MPS Art Therapy: Tell us about your background and what brings you to SVA.

Asilia: My background is in Ethnic Studies and Education Studies but with a focus on culture. My Ph.D. is Critical Sociocultural Studies in Education. I’m really interested in education’s place in society both presently and historically. I’m interested in art, popular culture, music, and film as pedagogical, but also how those things help us understand the culture and what that culture produces. An example is that I used to teach a course called Schooling and Representation in Film at the University of Oregon. We watched films about school to talk about how dominant narratives about teachers, students, and education circulated through film. This is what I am really interested in exploring. How narratives circulate, become common sense, and are resisted. I’m also interested in how cultural concepts have effects on the social world like innocence, care, shame, humanity, teaching and learning. What do these things mean and why do they mean that instead of something else? That is what I continue to be engaged with in my work.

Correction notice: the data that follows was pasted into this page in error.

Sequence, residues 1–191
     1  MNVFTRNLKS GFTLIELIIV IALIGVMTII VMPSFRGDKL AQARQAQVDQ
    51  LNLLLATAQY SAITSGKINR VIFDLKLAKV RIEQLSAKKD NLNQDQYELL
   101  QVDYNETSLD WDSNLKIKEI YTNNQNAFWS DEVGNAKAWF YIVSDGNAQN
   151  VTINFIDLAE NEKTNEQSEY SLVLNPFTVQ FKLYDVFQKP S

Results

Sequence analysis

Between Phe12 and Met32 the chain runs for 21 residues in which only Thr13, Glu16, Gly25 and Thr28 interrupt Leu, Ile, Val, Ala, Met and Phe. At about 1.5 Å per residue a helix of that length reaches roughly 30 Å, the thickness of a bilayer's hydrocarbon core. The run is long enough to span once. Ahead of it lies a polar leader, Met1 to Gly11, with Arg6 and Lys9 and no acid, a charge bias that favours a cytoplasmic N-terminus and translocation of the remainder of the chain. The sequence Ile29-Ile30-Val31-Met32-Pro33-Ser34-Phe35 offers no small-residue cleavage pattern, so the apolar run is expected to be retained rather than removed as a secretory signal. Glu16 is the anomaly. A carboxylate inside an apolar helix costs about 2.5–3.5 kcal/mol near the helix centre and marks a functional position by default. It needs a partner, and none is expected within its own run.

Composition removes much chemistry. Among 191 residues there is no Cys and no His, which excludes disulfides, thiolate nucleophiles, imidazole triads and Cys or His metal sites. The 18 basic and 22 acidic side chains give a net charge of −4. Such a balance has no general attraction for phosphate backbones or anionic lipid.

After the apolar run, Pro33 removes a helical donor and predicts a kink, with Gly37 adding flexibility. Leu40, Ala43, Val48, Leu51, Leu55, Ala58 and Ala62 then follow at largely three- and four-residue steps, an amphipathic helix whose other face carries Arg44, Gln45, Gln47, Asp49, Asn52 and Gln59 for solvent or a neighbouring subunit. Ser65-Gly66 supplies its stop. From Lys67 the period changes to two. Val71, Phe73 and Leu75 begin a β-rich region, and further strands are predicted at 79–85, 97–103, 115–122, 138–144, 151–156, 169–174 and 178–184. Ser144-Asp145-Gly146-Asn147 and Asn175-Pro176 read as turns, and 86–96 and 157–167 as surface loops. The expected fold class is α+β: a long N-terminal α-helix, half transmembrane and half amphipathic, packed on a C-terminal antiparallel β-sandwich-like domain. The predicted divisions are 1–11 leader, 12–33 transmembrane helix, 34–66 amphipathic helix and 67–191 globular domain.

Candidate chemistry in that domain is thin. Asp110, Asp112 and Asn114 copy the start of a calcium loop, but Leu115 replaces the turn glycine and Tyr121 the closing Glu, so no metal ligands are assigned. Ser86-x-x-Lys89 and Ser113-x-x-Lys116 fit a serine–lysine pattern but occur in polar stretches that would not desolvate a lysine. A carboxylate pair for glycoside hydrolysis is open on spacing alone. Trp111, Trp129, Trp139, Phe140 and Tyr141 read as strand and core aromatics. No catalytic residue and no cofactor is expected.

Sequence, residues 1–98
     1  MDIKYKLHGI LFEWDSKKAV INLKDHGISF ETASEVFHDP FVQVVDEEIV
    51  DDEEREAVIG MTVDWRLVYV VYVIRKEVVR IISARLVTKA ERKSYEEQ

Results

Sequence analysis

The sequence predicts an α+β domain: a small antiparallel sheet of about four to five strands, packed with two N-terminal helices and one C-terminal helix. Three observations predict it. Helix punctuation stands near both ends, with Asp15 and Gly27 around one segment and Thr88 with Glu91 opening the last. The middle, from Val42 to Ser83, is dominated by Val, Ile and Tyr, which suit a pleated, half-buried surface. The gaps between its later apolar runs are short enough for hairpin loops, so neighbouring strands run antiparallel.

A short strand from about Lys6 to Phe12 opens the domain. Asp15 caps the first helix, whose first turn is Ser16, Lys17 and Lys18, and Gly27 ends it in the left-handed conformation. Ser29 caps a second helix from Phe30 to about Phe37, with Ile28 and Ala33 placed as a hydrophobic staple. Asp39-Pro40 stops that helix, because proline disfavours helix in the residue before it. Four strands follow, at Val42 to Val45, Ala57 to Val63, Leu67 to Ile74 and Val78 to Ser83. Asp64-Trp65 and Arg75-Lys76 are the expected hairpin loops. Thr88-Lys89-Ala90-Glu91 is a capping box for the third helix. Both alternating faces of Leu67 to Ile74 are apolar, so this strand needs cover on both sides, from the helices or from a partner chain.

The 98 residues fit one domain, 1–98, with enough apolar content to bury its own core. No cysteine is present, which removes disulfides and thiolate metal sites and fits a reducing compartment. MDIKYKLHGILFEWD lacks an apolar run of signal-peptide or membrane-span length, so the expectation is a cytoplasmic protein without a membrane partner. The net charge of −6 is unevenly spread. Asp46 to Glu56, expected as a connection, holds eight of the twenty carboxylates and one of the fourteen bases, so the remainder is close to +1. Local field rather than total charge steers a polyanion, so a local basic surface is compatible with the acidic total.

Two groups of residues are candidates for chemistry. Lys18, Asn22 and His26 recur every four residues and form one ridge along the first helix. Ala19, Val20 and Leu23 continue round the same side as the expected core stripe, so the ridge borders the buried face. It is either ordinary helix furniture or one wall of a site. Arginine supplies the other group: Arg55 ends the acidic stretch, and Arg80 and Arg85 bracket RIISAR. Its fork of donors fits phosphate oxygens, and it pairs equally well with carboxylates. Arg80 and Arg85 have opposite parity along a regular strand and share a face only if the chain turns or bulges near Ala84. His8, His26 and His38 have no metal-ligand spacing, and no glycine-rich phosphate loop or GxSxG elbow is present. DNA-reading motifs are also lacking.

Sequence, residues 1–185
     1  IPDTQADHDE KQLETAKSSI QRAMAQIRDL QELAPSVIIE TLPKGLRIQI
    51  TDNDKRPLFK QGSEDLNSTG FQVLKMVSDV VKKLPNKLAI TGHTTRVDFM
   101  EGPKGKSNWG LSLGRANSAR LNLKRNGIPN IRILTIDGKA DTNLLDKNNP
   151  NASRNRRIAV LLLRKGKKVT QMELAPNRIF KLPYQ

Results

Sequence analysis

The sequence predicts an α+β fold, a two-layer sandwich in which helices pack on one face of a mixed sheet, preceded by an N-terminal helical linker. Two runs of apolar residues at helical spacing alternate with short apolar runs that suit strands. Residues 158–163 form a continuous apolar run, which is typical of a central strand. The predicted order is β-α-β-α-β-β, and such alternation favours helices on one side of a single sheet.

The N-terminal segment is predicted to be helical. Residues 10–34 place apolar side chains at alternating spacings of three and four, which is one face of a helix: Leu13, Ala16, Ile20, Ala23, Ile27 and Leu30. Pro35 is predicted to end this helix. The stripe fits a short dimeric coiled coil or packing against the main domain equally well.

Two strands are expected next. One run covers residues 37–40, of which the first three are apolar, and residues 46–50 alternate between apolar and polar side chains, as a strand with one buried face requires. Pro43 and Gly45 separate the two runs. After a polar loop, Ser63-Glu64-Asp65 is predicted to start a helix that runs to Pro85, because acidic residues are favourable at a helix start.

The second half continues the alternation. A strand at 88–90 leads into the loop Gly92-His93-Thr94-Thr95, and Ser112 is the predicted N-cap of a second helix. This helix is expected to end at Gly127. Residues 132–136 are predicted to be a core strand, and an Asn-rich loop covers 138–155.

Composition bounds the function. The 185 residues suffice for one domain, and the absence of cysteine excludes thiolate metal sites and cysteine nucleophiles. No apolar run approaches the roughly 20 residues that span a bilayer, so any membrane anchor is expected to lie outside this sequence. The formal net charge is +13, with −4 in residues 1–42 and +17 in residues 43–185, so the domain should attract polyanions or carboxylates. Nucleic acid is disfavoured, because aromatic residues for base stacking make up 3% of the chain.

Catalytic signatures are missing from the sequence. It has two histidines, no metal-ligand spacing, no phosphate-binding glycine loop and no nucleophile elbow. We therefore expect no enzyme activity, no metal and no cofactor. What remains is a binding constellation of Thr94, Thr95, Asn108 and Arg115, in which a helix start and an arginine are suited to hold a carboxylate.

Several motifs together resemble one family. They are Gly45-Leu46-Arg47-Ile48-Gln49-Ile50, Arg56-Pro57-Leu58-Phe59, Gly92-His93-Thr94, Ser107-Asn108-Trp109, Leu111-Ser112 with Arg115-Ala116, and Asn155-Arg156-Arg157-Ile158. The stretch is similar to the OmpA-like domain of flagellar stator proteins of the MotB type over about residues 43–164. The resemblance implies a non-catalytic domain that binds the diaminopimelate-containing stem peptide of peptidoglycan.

MPS AT: As a non-art therapist, what has your experience been like teaching this course?